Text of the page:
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    #BizTrends2020: The rise of afro-natural beauty as an advertising trend

    The rise of afro-natural beauty is an advertising trend that highlights how natural African beauty is influencing beauty and personal care product advertising and marketing.
    Josephine Sebesho is the managing director of Janong Digital Agency.
    Josephine Sebesho is the managing director of Janong Digital Agency.

    South African women are major consumers of beauty and personal care products. They have shown loyalty to brands and everchanging market trends. Market research published by Beauty Africa estimated that the beauty industry in the Middle East and Africa is worth about $27.1bn in 2018. With South Africa representing $4.5bn.

    All women all around the world have been influenced or are aware of the longstanding Eurocentric beauty standard that is often portrayed in films, magazines and mass media platforms at large. That is the tall thin girl, with long straight hair, and the list goes on.

    The natural crown rises

    Miss Universe 2019, Zozibini Tunzi's win, reaffirmed natural African beauty. In many media interviews, Zozibini raised awareness on the stigma attached to natural African hair. Historically natural African hair has been associated with unprofessionalism and untidiness. Zozibini’s win, in her own natural crown, challenged this perception.

    Brands will be inspired to embrace natural crowns in beauty and fashion advertising as a means to connect deeper with the African consumer.

    The natural skin colour

    Research from The World Health Organisation reported that 40% of African women bleach their skin. The Association of Black Psychologists in the US, reported that colourism — preference for lighter skin — affects an individual’s self-esteem, perceptions of beauty and economic opportunities.

    Oscar-winning actress Lupita Nyong'o said that she experienced colourism as a child and even in her acting career. She has since released a children’s book called, Sulwe, about a girl with darker skin than her family and anyone at school. The book has since become A New York Times bestseller!

    Beyoncé released Brown Skin Girl, a song that celebrates the darker African skin tone and raises awareness to the issue of colourism.

    Beauty brands have innovated their products over the years to include different skin types and tones. There is an opportunity for brands to connect with darker-skinned consumers on the issue of colourism to create awareness, change perceptions and build an enduring relationship with their consumers by playing their part.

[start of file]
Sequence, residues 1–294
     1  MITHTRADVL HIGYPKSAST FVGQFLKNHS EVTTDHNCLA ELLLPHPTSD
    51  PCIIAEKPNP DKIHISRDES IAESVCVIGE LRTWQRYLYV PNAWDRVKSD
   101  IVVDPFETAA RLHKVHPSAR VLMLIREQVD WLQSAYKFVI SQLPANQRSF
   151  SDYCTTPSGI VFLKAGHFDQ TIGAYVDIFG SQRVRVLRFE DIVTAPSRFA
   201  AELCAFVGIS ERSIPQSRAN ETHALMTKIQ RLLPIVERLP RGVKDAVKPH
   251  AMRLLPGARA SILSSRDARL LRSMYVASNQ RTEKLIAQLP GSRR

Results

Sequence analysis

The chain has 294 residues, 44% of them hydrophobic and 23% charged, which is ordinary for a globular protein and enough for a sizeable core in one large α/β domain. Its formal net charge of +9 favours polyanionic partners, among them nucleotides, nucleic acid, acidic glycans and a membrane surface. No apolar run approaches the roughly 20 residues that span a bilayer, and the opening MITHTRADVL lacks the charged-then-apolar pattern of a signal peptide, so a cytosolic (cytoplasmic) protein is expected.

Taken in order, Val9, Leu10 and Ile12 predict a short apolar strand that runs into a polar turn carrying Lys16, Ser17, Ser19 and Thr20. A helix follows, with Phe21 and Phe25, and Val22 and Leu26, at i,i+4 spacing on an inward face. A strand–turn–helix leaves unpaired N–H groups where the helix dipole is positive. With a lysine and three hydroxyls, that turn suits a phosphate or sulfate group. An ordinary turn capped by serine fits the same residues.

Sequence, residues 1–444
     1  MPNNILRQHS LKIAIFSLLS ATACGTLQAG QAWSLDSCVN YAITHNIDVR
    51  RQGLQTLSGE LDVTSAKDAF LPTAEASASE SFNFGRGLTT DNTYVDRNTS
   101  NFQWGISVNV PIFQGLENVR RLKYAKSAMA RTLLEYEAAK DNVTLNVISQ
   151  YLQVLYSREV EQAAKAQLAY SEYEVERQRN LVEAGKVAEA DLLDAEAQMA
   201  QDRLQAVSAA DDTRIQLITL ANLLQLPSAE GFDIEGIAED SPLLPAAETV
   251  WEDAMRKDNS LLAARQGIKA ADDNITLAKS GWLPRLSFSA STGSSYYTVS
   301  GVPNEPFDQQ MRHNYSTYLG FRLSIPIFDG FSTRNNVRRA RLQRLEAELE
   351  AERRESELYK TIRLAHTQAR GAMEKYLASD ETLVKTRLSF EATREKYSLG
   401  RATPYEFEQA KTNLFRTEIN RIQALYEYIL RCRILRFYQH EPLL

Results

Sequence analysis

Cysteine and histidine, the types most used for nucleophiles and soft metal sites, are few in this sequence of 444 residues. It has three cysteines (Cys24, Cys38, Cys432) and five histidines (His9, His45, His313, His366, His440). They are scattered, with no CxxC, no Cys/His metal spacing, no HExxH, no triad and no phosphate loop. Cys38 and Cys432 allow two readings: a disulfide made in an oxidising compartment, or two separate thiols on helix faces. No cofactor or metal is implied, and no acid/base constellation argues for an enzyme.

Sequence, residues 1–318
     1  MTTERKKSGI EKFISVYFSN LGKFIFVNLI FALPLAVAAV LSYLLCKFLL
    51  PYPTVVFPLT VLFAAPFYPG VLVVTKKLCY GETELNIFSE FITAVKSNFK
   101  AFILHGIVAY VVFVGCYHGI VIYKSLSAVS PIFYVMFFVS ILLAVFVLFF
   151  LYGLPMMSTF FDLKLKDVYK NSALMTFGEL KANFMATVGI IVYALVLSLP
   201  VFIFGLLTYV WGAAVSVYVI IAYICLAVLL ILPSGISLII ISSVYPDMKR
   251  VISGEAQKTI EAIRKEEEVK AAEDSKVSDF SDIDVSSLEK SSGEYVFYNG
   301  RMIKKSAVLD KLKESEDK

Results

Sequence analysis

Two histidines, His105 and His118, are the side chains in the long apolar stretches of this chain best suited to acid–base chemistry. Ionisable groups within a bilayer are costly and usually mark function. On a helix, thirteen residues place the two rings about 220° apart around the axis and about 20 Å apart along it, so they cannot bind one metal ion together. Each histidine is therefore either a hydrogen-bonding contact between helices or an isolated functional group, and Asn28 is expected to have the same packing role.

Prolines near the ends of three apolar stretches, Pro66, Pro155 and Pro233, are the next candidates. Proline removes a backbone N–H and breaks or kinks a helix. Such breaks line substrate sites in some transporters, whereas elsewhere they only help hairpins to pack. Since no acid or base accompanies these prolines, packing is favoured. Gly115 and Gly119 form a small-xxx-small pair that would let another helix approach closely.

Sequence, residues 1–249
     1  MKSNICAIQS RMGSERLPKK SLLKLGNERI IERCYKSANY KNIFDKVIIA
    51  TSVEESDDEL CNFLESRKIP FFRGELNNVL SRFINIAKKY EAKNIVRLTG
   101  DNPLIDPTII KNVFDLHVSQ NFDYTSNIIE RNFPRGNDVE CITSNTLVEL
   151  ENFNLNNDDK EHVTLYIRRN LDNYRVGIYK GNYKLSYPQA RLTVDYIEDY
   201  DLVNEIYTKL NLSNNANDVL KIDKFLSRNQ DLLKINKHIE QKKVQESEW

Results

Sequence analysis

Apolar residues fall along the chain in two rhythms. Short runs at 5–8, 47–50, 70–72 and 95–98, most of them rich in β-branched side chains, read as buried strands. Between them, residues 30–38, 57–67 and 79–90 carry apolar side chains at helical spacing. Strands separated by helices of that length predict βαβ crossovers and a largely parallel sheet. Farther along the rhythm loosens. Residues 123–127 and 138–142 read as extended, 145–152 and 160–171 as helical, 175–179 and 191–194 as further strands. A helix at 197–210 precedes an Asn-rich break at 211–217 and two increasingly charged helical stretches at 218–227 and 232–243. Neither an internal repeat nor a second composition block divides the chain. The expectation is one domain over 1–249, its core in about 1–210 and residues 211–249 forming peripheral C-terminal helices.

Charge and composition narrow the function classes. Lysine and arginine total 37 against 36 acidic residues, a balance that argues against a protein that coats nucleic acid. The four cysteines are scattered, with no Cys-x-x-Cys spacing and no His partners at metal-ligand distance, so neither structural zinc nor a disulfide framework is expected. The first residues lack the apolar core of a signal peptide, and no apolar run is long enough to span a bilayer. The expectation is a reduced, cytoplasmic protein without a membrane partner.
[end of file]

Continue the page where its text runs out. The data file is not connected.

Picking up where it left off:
Including nature’s touch

    We have started to see the inclusion of models with albinism and vitiligo. LA-based brand Wet n Wild, selected Diandra Forrest, a model with albinism to star as the face of its 2019 beauty campaign. Brands like Primark and CoverGirl have been praised globally for featuring models with vitiligo.

    Dove launched a #ShowUs campaign to break down stereotypes around beauty, the campaign featured a person living with albinism. Model and radio host Refilwe Modiselle questioned the inclusion of a person living with albinism and explained that the brand's products are harmful to people with the condition.

    This was a miss for Dove, as not all beauty and personal care products are good for people living with both albinism and vitiligo. Although the inclusion of people living with different skin conditions is good for raising awareness and changing the face of beauty, brands need to make informed decisions to build their credibility and loyalty.

    Bending the invisible rules

    In 2020 and beyond we will see a shift towards authentic natural African beauty and uniqueness. Women all around the world have battled with self-esteem, self-acceptance and self-love. The role of brands is to partner with their target audiences on their journey to self-love and acceptance. Brands that bend the invisible beauty and fashion advertising rules, will show their audiences that they are moving with the times. This will build distinctive brands, that are forces to be reckoned with, not just product pushers.

    About Josephine Sebesho

    With over 11 years of experience, Josephine, also known as Jay is inspired by creating brand to consumer connections. Jay has worked as a Brand and Communications Strategist for agencies in Africa like The Jupiter Drawing Room, The Restorative Justice Centre, Joe Public United (SA and Namibia), Mixology, The Hardy Boys, The Digital Brand Agency in Kenya, FireBrands in Malawi and now heads up Janong Digital Agency in South Africa.
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